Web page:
Also, keep in mind that lifting weights, doing some cardio, eating a good bulking diet, and living a healthy lifestyle reduce the proportion of visceral fat we gain. A good bulking program not only gives us the health benefits of being stronger, fitter, and more muscular, it also helps ward off the harm of gaining fat. (More of the fat we gain is subcutaneous, which doesn’t have the same negative health implications, even if we gain a bit too much of it.)
Should You Cut Before Bulking?
If you’re overweight, you should start with a cut. Get rid of the extra fat first. If you follow a good workout and diet program, you’ll be able to build muscle even while you’re burning fat. Then, once you’re lean and healthy, you can gear into a slow, lean bulk.
If you’re skinny fat, you’ve got options. You aren’t overweight, so you don’t necessarily need to cut. You can if you want, but you don’t need to. Here’s our article about what to do if you’re skinny-fat.
If you’re relatively lean or thin, you don’t need to cut. Being healthfully lean is great. Being leaner than that doesn’t tend to help. There’s no need to cut down from 16% to 12% or anything like that. You’ll build muscle faster and more leanly if start bulking at your current body-fat percentage.
What Ratio of Muscle to Fat Should You Gain?
Most overweight beginners can gain muscle while losing fat. When they start lifting weights, they can dip into their fat reserves, using that energy to convert the protein they’re eating into muscle mass.
Skinny guys can’t build a significant amount of muscle without gaining a significant amount of weight. And with that weight gain, there’s the risk of gaining fat. That’s the risk we take while bulking. Fortunately, many of us are naturally lean, allowing us to bulk quite leanly. Even if we do gain fat, we often have a fairly easy time getting rid of it.
You won’t necessarily gain fat while bulking. Even with bonafide bulks, there’s plenty of research showing totally lean gains. This 8-week study found that guys eating a good bulking diet while following a rigorous hypertrophy training routine were able to gain 7.5 pounds of muscle without gaining any fat. Some of our members get results like that, too.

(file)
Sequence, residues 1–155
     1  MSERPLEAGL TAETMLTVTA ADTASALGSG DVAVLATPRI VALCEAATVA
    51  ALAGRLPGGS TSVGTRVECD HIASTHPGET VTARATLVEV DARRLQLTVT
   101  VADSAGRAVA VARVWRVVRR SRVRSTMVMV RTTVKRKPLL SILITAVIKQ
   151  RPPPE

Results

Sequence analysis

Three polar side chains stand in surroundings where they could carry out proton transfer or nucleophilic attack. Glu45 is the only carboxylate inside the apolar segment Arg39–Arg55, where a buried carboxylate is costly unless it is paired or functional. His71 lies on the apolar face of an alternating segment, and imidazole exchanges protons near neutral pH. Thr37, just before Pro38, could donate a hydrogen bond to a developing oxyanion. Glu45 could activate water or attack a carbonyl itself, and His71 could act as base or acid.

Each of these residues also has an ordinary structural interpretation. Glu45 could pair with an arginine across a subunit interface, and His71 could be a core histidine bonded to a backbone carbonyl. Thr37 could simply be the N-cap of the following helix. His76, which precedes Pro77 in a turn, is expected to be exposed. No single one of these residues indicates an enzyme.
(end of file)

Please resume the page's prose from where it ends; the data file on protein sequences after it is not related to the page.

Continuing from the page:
But you’ll probably gain at least a little bit of fat. Most studies, even when a good diet is combined with a good workout program, find that most people gain at least a little bit of fat while bulking. This is especially true if you’re an intermediate lifter and you’ve already gotten your newbie gains.
There’s no specific ratio to aim for. It all depends on your genetics, your circumstances, and what you want. The trick is to make sure you’re bulking properly and getting results. Are you progressively overloading your lifts? Are your body-part measurements going up? Are you gaining weight at a reasonable pace? If you are, you’re doing good.
For example, in a study by Ribeiro and colleagues, the group gaining two pounds per week built twice as much muscle as the group gaining one pound. However, they also gained six times as much fat. Which group got better results? It all depends on what you want.
If you’re overweight or skinny fat, you can build muscle without gaining any fat at all. You can do that by either losing weight or keeping your weight stable. That isn’t bulking, though. When you switch to bulking, you may start gaining fat.
Most skinny beginners are able to bulk quite leanly. If you’re gaining 67–100% muscle, you’re doing great. If you’re gaining less than that, you might want to slow your bulk down.
When you’re an intermediate or advanced lifter, you might be willing to accept a lower proportion of muscle growth if it helps you get through strength plateaus. A 50–50 ratio of muscle and fat gain is perfectly fine. You might be able to do better. But even if you do worse, progress is still progress.
Alright, that’s it for now. If you want more muscle-building information, we have a free bulking newsletter for skinny guys. If you want a full foundational bulking program, including a 5-month full-body workout routine, diet guide, recipe book, and online coaching, check out our Bony to Beastly Bulking Program. Or, if you want a customizable intermediate bulking program, check out our Outlift Program.